Parents these days are inundated with advice—on everything from breastfeeding to sleep training, from childcare to screentime—almost all of it purportedly evidence-based. Who better to sort the wheat from the chaff than Emily Oster, an economist who distinguishes “the good studies from the less-good ones” for a living? She did just that in Expecting Better, a book about pregnancy that, like Cribsheet, leads with the following premise: No expert, even Oster, can tell you what’s right for your family in most instances. Instead, she summarizes what high-quality science reveals about the risks and rewards attendant to any given choice, and describes a way of weighing those pros and cons in combination with your own preferences. “The data is the same for us all, but the decisions are yours alone,” she reminds.
Here’s an example of how that goes in the context of having your baby sleep in your bed:
The finding that co-sleeping carries a small risk even if done as safely as possible is largely consistent across studies…. Among families with no other risk factors, roughly 7,100 of them would have to avoid co-sleeping to prevent one death….
[S]ince the data suggests that there is some risk to sharing the bed, and possibly also to having your child sleep in their own room, we may conclude the absolute safest thing is to have your child sleep in your room in their own bed for these first few months.
Yet this setup may not work for your family. Let’s imagine that your preference is to share your bed with your infant—maybe you think it will be easier to breastfeed, or you simply want to have the baby close.
If this is the case, there is a strong temptation to dismiss the evidence on risk. It is easy to find parenting sources that point to one study that doesn’t show significant impacts of bed sharing and say it proves there is no risk. This is not a rational way to make this decision. If you want to do this right, you need to confront the idea of risk, think about how to make it smaller (if you can), and then think about whether the (minimized) risk is one you are willing to take….
[T]he evidence suggests that bed sharing [for sober nonsmokers with full-term infants] increases the risk of death by 0.14 per 1,000 births. The death rate from car accidents in the first year of life is around 0.2 per 1,000 live births. The bed-sharing risk is therefore a real one, but it is smaller than some of the risks you are likely taking regularly.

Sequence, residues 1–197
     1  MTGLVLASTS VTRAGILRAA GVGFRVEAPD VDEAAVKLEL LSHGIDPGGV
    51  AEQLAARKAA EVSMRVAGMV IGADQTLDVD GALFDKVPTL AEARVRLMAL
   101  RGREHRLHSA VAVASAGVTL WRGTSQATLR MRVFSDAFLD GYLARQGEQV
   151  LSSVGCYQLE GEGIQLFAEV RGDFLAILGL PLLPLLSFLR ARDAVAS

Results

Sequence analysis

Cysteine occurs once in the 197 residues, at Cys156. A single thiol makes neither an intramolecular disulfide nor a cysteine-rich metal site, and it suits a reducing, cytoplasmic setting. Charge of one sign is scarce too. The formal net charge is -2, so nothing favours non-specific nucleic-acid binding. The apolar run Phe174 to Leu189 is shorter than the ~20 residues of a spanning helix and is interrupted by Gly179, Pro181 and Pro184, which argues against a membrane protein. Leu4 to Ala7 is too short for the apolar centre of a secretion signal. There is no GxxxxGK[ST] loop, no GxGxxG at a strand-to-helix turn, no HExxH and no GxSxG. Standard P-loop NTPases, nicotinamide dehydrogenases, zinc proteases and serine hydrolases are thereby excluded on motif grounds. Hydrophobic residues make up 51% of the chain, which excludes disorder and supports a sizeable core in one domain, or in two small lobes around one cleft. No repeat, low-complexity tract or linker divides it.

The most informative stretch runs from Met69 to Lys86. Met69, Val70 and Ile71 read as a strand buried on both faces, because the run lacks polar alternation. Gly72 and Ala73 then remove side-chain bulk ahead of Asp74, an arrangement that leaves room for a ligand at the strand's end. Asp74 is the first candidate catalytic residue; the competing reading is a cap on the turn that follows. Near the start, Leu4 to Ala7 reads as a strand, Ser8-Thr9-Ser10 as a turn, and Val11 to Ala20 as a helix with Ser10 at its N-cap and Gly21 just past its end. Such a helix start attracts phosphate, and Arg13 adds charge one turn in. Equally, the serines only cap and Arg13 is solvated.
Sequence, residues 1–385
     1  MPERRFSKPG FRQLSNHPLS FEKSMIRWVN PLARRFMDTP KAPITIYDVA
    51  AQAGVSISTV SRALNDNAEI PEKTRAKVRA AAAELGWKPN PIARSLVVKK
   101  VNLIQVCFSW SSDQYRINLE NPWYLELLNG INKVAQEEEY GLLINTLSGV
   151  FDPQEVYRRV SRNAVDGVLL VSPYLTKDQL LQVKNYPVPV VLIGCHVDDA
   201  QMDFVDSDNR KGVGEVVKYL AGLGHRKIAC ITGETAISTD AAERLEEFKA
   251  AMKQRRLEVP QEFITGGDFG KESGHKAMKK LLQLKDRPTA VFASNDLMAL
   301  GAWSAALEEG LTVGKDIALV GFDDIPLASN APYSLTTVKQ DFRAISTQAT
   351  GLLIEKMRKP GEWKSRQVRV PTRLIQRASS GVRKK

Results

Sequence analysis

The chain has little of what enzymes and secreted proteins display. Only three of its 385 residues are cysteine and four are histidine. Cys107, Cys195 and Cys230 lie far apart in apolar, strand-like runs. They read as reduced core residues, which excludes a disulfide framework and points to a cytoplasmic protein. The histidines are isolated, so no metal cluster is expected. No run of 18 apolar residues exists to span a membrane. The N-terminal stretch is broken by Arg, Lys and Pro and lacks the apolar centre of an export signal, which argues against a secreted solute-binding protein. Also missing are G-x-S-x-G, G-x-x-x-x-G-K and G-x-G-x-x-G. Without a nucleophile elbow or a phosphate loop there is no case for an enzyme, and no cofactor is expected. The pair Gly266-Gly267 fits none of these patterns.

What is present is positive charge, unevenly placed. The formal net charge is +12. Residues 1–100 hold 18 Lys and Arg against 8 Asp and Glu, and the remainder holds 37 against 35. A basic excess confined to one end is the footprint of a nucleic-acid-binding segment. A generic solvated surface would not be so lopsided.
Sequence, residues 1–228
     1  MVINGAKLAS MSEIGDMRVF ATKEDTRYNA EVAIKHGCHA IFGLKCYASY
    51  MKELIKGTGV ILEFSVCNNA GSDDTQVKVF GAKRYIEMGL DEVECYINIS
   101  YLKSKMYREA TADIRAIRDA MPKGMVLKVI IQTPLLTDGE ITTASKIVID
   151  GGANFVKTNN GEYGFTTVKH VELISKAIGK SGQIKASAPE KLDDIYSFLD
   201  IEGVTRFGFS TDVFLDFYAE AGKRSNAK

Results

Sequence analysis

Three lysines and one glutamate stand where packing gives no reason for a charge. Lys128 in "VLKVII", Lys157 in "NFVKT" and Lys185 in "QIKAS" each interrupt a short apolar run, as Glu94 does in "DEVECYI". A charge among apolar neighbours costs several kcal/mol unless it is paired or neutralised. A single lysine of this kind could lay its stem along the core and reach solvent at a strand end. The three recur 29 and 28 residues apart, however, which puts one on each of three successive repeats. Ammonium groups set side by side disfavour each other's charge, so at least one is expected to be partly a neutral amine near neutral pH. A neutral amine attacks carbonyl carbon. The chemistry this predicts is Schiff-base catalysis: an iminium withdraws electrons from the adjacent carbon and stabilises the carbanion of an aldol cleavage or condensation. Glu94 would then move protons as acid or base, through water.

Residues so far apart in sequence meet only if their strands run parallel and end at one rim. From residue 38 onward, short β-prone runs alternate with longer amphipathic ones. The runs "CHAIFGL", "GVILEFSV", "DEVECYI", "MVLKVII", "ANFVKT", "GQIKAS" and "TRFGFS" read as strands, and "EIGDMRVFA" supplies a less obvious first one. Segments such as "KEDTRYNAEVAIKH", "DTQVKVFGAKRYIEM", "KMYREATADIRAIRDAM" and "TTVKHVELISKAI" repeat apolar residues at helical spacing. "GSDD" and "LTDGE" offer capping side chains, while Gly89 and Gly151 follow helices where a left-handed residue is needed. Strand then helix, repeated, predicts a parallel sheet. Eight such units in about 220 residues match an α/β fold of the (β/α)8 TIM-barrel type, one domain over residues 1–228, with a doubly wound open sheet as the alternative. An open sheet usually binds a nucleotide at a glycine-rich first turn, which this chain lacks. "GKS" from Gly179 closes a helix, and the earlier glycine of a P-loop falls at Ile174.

Now, that excerpt might leave you thinking Cribsheet is exceptionally dry, and it is, but not in the bad way. Oster writes with precision and an almost British wit, a style that truly delights once one gets used to it: “In the first days and weeks after your baby arrives, you will experience a wave of hormones. Most women find they are emotionally sensitive during this period. This is not, for example, the time to watch the first fourteen minutes of the movie Up.” Here’s another taste: “One trial shows some benefit of something called gua sha therapy, which involves scraping the skin to produce light bruising. Gwyneth Paltrow swears by this, so take what you will from that.”
Wry and understated is not the norm for parenting books, nor is Oster’s awareness of—and comfort with—her own neuroses, something more reminiscent of David Sedaris or Jenny Lawson (e.g., “I have many notes from the first months of Penelope’s life about her rolling ability (very early rolling to the left, but poor rolling to the right)”). The resulting tone strikes just the right balance for a brilliant person seeking to communicate effectively with the masses: “There is another type of evidence, one that you see a lot on the internet. I’d refer to this as … ‘it happened once to my friend’ evidence. You know: ‘My friend didn’t vaccinate, and her kid is super healthy!’ Here is what we learn from this: nothing.”
Cribsheet is also exceedingly well-organized, complete with a “Bottom Line” synopsis at the end of each chapter.
That’s not to say the book is flawless. Oster sets out to provide “a basic, data-derived map of the big issues that come up in the first three years of being a parent,” but her success is necessarily confined by a few limitations: (1) research constantly evolves and she has access only to that which has been published as of her release date (data that came out after Expecting Better called one of its core conclusions into question), (2) the extent to which her methodology is the right one (figures in the field of public health have criticized her for examining studies using an economist’s eye rather than their own set of standards), and (3) her ability to dig up all relevant information. I’ll focus on the third of these here.